Battlefield 2042 has moments of brilliance in the base game and Battlefield Portal certainly hits all my nostalgia strings, but I can’t help but feel this needed another six months of refinement, especially with cross-play.
Ever since those early days in 2002 when my Dad bought home Battlefield 1942 from one of his Singapore business trips, I’ve been a huge fan of the Battlefield series. That iconic music gives me nostalgia every time I hear it and my favourites of the series are Bad Company 2 and Battlefield 3. When I played the intro mission for Battlefield V, I was grinning like an idiot driving the tank across the desert when the music kicked in. I’ve loved the series over the years despite there being a few duds in the series (I’m looking at you Hardline). However in recent years, with Battlefield 1 and Battlefield V forgoing a story campaign in favour of story missions, and now Battlefield 2042 not having a campaign at all, my interest in the series is unfortunately wavering. Having spent almost two weeks playing all facets of Battlefield 2042, I’m left feeling rather neutral about it.
Developed by DICE with Ripple Effect Studios, EA Gothenburg, and Criterion Games assisting development, and published by Electronic Arts, Battlefield 2042 officially released on November 19, 2021 for PC, PlayStation and Xbox, though early access commenced on November 12. The heavy blow of the game having no campaign was months ago, and at first I wasn’t happy, but given the hype the multiplayer gameplay trailers revealed as they announced Battlefield Portal, and gave several nods to some epic moments from the series over the years, I was becoming ok with no campaign. When returning character Kimble “Irish” Graves from Battlefield 4 was shown, I was hopeful we’d see some form of story elements in the game. RIP to Michael K Williams who is no longer with us, and hearing his voice each time in the game’s briefings reminds me of this fact each time – a legend gone too soon.
Irish is a specialist in the game, a former United States Marine, alongside other specialists such as Navin Rao, an Indian hacker who can bring down enemy networks, Santiago “Dozer” Espinoza, an anti-tank specialist, Emma “Sundance” Rosier, a French aerial specialist who has a wingsuit, to Maria Falck, a German medic who shoots healing darts. There are ten specialists in total and could have been made so much more memorable had there been a campaign, or at least playable story missions. Because right now, I play Falck exclusively given she’s a medic and shooting heals at my teammates is a lot of fun, but aside from her accent, she’s just a skin for my favourite medic class.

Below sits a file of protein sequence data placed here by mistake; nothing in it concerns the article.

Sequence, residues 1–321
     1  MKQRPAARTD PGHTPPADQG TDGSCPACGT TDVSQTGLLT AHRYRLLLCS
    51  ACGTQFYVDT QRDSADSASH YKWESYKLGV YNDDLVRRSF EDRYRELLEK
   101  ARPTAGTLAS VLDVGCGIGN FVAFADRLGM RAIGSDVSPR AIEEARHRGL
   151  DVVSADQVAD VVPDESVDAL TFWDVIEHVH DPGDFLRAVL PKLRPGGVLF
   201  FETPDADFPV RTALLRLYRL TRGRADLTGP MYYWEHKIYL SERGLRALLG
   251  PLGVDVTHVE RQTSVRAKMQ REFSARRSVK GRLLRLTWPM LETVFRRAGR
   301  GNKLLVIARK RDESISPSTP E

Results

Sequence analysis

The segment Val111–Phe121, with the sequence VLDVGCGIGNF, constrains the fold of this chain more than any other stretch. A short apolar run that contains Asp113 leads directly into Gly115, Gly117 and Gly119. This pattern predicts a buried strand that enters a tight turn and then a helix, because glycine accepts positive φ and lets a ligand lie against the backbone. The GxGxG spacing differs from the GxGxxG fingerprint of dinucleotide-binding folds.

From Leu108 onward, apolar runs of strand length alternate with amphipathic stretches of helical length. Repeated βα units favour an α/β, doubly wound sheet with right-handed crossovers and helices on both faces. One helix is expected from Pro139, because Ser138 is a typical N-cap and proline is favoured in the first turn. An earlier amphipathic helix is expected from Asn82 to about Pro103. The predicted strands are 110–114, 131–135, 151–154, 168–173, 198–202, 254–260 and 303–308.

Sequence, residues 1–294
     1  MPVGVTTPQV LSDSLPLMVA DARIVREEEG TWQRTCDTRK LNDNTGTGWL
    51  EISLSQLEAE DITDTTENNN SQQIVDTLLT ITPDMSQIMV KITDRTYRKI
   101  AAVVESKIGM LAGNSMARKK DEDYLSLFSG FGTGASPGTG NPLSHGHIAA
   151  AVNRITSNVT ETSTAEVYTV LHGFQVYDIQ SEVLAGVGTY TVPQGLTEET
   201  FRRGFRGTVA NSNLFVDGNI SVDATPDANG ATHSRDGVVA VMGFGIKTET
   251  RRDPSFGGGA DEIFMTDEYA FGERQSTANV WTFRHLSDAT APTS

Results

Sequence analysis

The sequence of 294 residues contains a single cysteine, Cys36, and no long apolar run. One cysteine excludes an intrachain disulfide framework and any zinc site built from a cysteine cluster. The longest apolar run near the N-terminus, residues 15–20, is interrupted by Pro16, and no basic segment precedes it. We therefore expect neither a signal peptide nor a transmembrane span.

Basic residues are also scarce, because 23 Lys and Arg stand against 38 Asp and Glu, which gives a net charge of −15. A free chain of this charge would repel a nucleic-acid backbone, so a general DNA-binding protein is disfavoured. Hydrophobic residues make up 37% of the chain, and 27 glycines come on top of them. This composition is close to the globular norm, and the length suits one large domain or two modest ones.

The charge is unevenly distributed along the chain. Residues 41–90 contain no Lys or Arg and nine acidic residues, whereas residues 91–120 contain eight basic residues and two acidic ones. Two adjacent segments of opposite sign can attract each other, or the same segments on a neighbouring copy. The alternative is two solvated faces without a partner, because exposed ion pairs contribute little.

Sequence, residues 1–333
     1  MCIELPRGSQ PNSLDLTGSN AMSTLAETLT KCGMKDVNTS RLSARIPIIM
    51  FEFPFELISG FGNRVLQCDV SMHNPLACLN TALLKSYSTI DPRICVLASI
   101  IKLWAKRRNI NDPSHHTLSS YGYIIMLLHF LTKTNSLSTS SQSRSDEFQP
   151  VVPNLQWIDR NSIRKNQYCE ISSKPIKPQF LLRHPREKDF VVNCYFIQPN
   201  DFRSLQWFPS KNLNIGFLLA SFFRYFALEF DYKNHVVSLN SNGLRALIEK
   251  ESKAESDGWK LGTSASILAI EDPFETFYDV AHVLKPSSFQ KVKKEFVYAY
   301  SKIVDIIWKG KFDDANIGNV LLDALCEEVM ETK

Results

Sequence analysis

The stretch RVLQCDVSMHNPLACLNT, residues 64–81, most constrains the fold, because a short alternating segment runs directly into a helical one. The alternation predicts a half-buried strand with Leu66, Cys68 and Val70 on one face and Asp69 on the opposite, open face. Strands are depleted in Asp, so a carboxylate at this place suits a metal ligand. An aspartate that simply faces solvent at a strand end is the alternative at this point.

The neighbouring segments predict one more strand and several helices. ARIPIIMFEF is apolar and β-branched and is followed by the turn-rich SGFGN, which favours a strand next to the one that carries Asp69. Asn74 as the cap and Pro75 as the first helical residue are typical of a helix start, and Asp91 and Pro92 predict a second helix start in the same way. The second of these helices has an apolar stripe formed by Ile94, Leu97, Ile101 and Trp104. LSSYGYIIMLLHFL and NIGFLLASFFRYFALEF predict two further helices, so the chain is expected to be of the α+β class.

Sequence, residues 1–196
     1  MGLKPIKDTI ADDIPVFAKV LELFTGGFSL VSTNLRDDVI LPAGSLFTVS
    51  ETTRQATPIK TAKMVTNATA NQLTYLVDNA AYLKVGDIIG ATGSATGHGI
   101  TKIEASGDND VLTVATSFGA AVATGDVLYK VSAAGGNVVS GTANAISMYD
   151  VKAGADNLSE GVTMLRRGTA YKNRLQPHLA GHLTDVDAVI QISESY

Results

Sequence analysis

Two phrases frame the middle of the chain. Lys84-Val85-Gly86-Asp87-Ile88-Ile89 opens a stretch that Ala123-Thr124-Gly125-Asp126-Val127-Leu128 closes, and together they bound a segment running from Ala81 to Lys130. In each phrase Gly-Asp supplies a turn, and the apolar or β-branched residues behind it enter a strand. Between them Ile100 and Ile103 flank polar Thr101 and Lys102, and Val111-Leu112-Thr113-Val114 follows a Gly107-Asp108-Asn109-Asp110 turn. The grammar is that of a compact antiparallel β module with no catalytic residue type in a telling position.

I don’t know her story, nor anyone else’s except for Irish because he was in the BF4 campaign. Irish had a short film clip released back in August called ‘Exodus‘ and this was awesome, not only because we recently lost such an outstanding actor, but the snippet at his character’s overall story in this new near-futuristic setting was exciting and action packed. I would have loved to have played out that story in-game, but there’s none of that. What I can do is go to the official Battlefield website and read a bit more about each specialist, but I shouldn’t have to leave the game to learn more about characters I’m playing. Many games have in-game codex listing all in-game lore, character backgrounds, location history, amongst other things. I would have preferred to read about this backstory within the game’s client.
Another factor here is that I love playing a medic in all Battlefield games – it’s my go to class selection. Unless I’m getting snipered, or blown up by excessive tanks or planes, that will force me to get some revenge and go sniper or anti-tank. However in Battlefield 2042, I have played the other specialists, but due to my lack of skill I am always going back to the medic specialists, and Falck is just so much better with her healing gun. This brings me to Battlefield Portal though where we go back to the golden era of Battlefield. Regardless of the game era, I can just choose Medic straight away with no fuss, and it feels so familiar.